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Record-breaking astronaut Christina Koch just landed after a mind-boggling stint in space, but even after all that time in orbit, she never really missed gravity.
“I only miss it when you just really want to put things down occasionally, but I’ve gotten used to Velcro and taping things down instead,” the NASA astronaut, who recently touched down, told ABC News. “I don’t really miss it; it’s a lot more fun without it.”
Koch spent a staggering 328 days on the ISS, breaking the record for the longest single spaceflight by any woman, which was until recently held by Peggy Whitson. She came just short of the ultimate record for time spent in space by a U.S. astronaut — the 340 days Scott Kelly was floating around up there. That makes her seventh overall. She also participated in the first all-woman spacewalk ever with co-astronaut Jessica Mair, and yes, that is the same one that almost didn't happen because of spacesuit issues.
While the former electrical engineer conducted over 210 studies aboard the space station, she herself was the subject of a few, such as the Vertebral Strength investigation, which was meant to find out how muscle and bone in the spine degrade in microgravity. The results of this study could help NASA with assessing the risk of broken vertebrae and developing new preventative measures for future astronauts. Koch’s time on the ISS gives the space agency more data to add to that from the long-duration missions of Scott Kelly, Peggy Whitson and Andrew Morgan’s 10-month mission, which he is halfway through.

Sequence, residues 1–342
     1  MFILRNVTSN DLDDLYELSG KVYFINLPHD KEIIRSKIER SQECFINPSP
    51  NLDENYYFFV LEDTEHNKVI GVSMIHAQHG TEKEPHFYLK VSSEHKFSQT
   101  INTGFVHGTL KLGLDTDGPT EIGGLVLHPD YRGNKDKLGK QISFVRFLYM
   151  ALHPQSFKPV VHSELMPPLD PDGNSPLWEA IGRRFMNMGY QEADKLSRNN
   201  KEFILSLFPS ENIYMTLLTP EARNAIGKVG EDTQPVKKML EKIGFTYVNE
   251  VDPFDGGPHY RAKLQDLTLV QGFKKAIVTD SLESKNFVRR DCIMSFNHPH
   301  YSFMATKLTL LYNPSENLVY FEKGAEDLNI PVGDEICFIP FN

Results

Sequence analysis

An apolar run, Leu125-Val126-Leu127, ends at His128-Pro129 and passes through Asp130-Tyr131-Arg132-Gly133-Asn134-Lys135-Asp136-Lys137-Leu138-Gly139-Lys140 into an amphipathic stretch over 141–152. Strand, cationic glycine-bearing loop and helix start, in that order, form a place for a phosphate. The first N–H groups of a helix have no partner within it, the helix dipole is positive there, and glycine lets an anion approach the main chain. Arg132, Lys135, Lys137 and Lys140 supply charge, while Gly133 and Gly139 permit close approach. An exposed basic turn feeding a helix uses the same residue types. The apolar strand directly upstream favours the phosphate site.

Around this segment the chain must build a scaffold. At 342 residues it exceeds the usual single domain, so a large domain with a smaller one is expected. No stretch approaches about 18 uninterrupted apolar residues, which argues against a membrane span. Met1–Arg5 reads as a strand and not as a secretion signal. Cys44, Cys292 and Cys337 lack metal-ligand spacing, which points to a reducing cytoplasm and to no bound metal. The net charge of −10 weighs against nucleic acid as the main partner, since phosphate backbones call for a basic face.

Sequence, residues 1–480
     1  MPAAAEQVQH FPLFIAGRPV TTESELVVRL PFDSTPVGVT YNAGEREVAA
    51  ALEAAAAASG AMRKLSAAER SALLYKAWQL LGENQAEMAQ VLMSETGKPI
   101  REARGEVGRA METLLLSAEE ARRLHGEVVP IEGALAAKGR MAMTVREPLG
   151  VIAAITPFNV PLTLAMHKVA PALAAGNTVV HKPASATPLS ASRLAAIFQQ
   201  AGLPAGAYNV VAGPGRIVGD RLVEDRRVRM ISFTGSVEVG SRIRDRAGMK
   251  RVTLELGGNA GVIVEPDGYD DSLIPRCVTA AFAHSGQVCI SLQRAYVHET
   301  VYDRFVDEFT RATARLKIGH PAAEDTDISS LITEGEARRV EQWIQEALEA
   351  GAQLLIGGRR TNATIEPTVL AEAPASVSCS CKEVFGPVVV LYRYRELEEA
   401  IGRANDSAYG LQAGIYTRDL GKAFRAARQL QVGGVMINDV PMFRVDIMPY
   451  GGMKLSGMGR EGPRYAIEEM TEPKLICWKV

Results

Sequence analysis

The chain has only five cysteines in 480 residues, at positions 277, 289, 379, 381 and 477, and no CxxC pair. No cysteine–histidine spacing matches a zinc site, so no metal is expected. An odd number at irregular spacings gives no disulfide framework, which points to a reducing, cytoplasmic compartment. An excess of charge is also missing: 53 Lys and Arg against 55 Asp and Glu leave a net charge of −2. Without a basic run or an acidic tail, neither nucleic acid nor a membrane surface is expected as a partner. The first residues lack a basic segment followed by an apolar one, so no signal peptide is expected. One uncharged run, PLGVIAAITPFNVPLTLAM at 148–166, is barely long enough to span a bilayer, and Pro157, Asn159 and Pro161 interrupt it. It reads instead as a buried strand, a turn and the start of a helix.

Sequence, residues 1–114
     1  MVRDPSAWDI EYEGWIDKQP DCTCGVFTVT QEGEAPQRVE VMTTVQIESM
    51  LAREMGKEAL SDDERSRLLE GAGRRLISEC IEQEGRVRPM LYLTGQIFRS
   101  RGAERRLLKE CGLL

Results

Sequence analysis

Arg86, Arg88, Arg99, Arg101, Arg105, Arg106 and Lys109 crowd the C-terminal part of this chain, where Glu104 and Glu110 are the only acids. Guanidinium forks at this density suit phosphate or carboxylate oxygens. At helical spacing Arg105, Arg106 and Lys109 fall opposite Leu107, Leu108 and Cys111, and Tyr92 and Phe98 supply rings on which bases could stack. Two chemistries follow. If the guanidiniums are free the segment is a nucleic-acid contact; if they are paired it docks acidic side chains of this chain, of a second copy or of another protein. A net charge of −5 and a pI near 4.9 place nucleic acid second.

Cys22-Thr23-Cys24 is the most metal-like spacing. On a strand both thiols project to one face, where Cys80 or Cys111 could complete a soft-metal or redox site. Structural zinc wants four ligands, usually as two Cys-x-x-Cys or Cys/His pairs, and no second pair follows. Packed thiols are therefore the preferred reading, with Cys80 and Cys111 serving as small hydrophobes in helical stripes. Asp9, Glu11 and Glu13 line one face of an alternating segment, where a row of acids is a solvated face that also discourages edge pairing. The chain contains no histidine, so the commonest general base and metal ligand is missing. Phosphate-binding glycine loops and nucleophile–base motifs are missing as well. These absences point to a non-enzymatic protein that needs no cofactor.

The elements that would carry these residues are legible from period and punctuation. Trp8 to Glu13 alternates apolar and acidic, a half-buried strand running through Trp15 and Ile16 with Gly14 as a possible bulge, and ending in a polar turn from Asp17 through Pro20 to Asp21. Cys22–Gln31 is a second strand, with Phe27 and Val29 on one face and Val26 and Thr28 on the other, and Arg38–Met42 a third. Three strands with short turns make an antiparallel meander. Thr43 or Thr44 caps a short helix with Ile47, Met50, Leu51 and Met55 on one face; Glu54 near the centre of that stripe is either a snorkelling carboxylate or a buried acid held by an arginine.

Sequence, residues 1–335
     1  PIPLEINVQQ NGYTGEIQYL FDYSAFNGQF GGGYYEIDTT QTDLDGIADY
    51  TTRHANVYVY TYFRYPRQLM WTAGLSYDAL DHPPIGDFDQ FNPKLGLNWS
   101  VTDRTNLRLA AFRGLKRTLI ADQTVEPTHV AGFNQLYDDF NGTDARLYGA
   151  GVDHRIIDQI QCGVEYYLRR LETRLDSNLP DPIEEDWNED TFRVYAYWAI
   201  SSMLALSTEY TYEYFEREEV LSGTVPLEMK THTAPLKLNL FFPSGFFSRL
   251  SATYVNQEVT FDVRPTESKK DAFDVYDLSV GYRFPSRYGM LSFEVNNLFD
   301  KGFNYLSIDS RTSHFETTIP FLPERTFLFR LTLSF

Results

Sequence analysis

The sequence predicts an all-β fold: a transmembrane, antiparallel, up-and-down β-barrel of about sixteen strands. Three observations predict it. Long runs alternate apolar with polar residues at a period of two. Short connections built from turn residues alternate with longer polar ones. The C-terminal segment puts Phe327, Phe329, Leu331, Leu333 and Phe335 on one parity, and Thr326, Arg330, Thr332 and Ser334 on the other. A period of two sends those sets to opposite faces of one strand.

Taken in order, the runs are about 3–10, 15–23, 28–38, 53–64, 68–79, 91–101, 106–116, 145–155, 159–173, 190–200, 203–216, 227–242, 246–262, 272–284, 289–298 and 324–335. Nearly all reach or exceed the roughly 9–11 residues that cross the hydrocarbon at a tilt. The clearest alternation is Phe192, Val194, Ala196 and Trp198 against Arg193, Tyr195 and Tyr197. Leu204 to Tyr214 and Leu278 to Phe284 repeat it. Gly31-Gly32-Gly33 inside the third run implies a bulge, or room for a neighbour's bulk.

So what was the most difficult thing about living, functioning, and otherwise just being in space for such an extended stretch?
“I think the challenge is remaining vigilant, remembering that you really are surrounded by a hostile environment,” Koch told ABC in the same interview. “A single emergency or a single string of failures could bring you into a chance where you have to exercise some of that really important training that we had on the ground.”
NASA’s rigorous astronaut training program definitely had her back on that.
Out of all the research projects Koch worked on while remembering to stick things in place, she feels the most memorable was the Microgravity Crystals investigation. It almost sounds more mystical than scientific. The reality of this study, which is almost as unreal, is that it could help make breakthroughs in thwarting cancer. Crystallizing a membrane protein that contributes to both tumor growth and cancer survival yielded much better results in zero-G than it did on Earth.
“I’m very happy for you,” retired astronaut Peggy Whitson gave Koch a shoutout from an anti-gravity facility on the ground, floating away as she exclaimed, “We all know gravity sucks!”